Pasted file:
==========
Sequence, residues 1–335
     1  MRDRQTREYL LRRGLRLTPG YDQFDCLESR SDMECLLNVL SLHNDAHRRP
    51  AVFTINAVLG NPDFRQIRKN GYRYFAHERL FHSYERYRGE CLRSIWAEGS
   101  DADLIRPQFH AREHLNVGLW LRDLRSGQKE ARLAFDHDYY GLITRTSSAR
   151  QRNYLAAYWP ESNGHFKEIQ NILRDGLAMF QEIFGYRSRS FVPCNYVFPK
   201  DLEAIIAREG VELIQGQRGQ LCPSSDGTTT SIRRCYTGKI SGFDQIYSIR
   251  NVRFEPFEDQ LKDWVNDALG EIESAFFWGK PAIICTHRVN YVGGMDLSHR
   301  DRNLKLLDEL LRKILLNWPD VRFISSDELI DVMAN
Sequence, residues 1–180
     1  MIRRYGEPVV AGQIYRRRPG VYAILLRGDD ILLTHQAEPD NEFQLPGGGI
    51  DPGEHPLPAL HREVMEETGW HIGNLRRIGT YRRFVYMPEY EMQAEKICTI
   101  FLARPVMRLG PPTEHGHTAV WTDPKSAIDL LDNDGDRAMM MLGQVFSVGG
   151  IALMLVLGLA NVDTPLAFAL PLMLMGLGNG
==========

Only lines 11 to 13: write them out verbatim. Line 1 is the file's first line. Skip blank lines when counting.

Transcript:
    51  DPGEHPLPAL HREVMEETGW HIGNLRRIGT YRRFVYMPEY EMQAEKICTI
   101  FLARPVMRLG PPTEHGHTAV WTDPKSAIDL LDNDGDRAMM MLGQVFSVGG
   151  IALMLVLGLA NVDTPLAFAL PLMLMGLGNG